Barbara Lee, the new director of the Department of Toxic Substances Control, is vowing against a need to "change anything or shake anything up in a big way" in the department's management or programs in the short-term, prompting concern from advocates who have urged a major overhaul of DTSC to fix what they claim is a flawed department.
Lee said during a Nov. 18 DTSC staff meeting that she wants to spend the first month or so in her new position meeting with departmental officials, in response to a question by a DTSC staffer about what her agenda will be in her first 30 days. "I'll be putting a lot of time into getting around and meeting everybody," she said. "I really want to reassure you — I don't have an agenda coming in." DTSC staffers "have been doing some great work" over the past six months, after acting director Miriam Ingenito took over from former director Debbie Raphael, Lee said. "So I'm not coming in thinking I have to change anything or shake anything up in a big way."
It is important to get acquainted with DTSC staffers "before I say to you, 'Ah, here's my vision,' because a vision isn't worth a whole lot if it's not grounded well in reality that we're all going to be working on together and collectively on what we set . . . as our goals," Lee said at the meeting, which was webcast.
Lee was previously air pollution control officer at the Northern Sonoma County air district since 1996, where she was also supervising air quality engineer from 1994 to 1996, according to the governor's office. She served as an air quality engineer at the Bay Area air district from 1990 to 1994. She also served as co-chair of Cal/EPA's Environmental Justice Advisory Committee from 2005 to 2007, where she was a member from 2001 to 2007.
Her comments at the staff meeting are prompting a negative reaction from some environmental justice advocates, who already have expressed a mixed reaction to her appointment last month by Gov. Jerry Brown (D). A coalition of advocacy groups had hoped the new director would take immediate actions to overhaul management at the executive office level and key department divisions to bolster the protection of public safety and the environment, especially in low-income communities disproportionately affected by pollution (Inside Cal/EPA, Nov. 7).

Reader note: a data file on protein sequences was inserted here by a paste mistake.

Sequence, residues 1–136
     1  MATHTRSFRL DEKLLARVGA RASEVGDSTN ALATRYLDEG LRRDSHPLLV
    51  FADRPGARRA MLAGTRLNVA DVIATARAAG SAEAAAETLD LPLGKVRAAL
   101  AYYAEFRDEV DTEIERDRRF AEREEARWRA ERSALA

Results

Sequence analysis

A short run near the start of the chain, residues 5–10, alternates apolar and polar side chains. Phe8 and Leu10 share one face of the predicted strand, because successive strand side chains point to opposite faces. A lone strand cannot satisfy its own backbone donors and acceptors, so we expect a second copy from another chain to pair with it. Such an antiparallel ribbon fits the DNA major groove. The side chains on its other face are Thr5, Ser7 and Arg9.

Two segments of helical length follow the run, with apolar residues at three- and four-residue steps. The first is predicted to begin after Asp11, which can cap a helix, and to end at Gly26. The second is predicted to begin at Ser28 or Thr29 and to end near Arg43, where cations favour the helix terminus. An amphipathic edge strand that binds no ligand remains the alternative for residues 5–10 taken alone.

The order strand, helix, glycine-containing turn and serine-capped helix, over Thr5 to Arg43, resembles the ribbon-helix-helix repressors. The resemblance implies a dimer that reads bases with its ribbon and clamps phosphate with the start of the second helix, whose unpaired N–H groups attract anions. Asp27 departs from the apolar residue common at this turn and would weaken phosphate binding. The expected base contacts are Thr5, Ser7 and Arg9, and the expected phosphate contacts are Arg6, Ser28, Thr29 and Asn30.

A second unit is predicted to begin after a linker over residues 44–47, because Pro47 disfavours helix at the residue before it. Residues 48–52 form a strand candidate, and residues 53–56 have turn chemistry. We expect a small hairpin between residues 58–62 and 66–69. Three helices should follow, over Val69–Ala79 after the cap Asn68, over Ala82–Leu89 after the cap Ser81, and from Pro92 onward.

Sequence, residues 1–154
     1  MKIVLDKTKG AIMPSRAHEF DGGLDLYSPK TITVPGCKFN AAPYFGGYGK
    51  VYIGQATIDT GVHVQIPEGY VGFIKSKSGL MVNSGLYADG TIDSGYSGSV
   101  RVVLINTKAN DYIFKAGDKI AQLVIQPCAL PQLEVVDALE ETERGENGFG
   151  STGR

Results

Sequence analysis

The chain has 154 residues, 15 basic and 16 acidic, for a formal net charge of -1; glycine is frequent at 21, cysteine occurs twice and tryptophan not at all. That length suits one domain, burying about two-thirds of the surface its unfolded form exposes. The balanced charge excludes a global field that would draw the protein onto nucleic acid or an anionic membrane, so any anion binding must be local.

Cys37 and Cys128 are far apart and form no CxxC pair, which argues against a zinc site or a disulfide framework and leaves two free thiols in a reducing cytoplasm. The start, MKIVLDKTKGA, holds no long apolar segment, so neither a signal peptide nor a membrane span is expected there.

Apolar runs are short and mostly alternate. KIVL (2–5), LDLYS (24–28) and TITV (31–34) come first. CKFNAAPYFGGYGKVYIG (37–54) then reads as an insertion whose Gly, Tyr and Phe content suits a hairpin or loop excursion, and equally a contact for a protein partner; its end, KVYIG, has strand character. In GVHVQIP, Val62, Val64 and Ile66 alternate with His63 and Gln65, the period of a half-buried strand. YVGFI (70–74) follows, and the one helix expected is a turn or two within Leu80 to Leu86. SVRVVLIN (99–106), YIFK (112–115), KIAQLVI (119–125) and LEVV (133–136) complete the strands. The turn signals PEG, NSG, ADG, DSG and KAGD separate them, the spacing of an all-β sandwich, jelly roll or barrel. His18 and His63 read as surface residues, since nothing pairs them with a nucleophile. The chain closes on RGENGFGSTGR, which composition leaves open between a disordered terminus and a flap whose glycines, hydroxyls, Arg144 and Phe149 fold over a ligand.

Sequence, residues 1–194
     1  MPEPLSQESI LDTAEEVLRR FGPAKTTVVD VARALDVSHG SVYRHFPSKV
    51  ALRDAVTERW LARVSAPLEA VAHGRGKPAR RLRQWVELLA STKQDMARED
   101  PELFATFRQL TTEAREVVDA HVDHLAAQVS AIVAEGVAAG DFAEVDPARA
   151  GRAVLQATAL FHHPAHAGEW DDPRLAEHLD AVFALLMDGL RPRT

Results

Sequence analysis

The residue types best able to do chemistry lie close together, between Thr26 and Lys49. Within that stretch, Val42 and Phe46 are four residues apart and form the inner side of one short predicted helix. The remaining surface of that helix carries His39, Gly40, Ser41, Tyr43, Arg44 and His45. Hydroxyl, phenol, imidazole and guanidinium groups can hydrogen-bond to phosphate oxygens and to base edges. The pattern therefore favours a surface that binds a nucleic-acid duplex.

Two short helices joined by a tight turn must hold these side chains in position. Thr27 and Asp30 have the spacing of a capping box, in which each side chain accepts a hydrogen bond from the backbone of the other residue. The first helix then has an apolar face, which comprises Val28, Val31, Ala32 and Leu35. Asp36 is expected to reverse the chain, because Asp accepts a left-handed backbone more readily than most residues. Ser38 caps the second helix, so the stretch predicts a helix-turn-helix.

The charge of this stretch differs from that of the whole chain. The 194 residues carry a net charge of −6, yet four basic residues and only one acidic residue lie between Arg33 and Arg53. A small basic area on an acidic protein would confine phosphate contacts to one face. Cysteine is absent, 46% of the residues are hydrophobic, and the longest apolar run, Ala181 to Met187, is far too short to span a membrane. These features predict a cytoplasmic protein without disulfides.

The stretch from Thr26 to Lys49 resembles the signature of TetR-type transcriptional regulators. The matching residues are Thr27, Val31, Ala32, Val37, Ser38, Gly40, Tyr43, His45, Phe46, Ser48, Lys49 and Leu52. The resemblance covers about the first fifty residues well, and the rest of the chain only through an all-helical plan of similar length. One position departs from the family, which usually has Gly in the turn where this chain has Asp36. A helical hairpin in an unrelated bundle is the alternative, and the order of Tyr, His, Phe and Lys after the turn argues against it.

Equity advocates during the past several years have criticized DTSC as failing to protect communities from hazardous substances by avoiding adequate enforcement actions against facilities and allowing waste management companies to operate without proper permits, among other reasons, and say Lee's comments may prolong the situation.
"It is a shame that the new DTSC director has come to conclusions without having even started the job," says Liza Tucker, a consumer advocate with Consumer Watchdog. "There is no question that this is a department in need of major reform, as evidenced by the number of pieces of legislation introduced in the last legislative session and the continuing media scrutiny of a department that has lost the trust of the public that it is meant to protect."
Consumer Watchdog has for years been highly critical of DTSC's performance, finding in an investigative report issued last year that DTSC's permitting process is severely flawed and biased heavily in favor of industrial facilities. A subsequent, independent state review of the department reached many of the same conclusions.
A coalition of environmental groups earlier this year urged the Brown administration to conduct a national search for the new DTSC director, focusing on those with strong environmental activism backgrounds who are not part of "Cal/EPA circles."
The coalition, including Center for Race, Poverty & the Environment (CRPE), California Environmental Justice Network, Physicians for Social Responsibility-Los Angeles, and Center for Environmental Health, urged Brown to "promptly appoint a strong, vigorous, and committed reformer as her replacement, along with a new senior management team similarly dedicated to reform, with a mandate for a top-to-bottom house-cleaning of this deeply troubled and dysfunctional department."
Ingrid Brostrom, senior attorney with CRPE, criticized Lee's comments in an email statement. "This response is incredibly tone deaf," she said. "The department is falling down and desperately in need for a strong, visionary leader to put this agency back on track. DTSC's permitting, cleanup, and enforcement programs are all in shambles. Leadership positions remain vacant. The Legislature, executive branch, and advocates across the state are all demanding drastic and fundamental changes in the agency to better protect Californians from toxic threats. If Barbara Lee truly believes that she doesn't have to change anything or shake things up, she is clearly not the right person for the job," Brostrom says.
In contrast, an industry source recently praised the governor's pick of Lee. "Seems like a solid appointment," the source said earlier this month. "She has a lot of air experience so it will be interesting to see how she will adapt to the DTSC culture. I think the business side is optimistic. She will get a lot of leeway initially."
David Miller, president of the California Association of Professional Scientists, the union that represents many DTSC staffers, said in an email response this week that the group "looks forward to working with Barbara Lee as the new director of DTSC. We're confident she'll bring fresh ideas to ensure DTSC is doing all it can to protect California communities and our environment."
Lee did not respond to a request for an interview this week.
Inside Cal/EPA – 11/21/2014 , Vol. 25, No. 47